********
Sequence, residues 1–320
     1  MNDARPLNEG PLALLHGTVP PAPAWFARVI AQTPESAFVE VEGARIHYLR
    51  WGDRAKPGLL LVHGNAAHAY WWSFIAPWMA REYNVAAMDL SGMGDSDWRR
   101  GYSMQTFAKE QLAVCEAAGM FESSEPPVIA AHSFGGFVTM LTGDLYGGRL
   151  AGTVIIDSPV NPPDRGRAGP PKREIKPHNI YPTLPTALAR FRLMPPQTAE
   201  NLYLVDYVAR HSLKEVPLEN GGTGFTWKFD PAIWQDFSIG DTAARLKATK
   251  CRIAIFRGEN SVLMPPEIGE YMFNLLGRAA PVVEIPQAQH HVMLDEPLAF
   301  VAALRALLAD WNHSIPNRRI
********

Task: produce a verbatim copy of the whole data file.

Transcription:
Sequence, residues 1–320
     1  MNDARPLNEG PLALLHGTVP PAPAWFARVI AQTPESAFVE VEGARIHYLR
    51  WGDRAKPGLL LVHGNAAHAY WWSFIAPWMA REYNVAAMDL SGMGDSDWRR
   101  GYSMQTFAKE QLAVCEAAGM FESSEPPVIA AHSFGGFVTM LTGDLYGGRL
   151  AGTVIIDSPV NPPDRGRAGP PKREIKPHNI YPTLPTALAR FRLMPPQTAE
   201  NLYLVDYVAR HSLKEVPLEN GGTGFTWKFD PAIWQDFSIG DTAARLKATK
   251  CRIAIFRGEN SVLMPPEIGE YMFNLLGRAA PVVEIPQAQH HVMLDEPLAF
   301  VAALRALLAD WNHSIPNRRI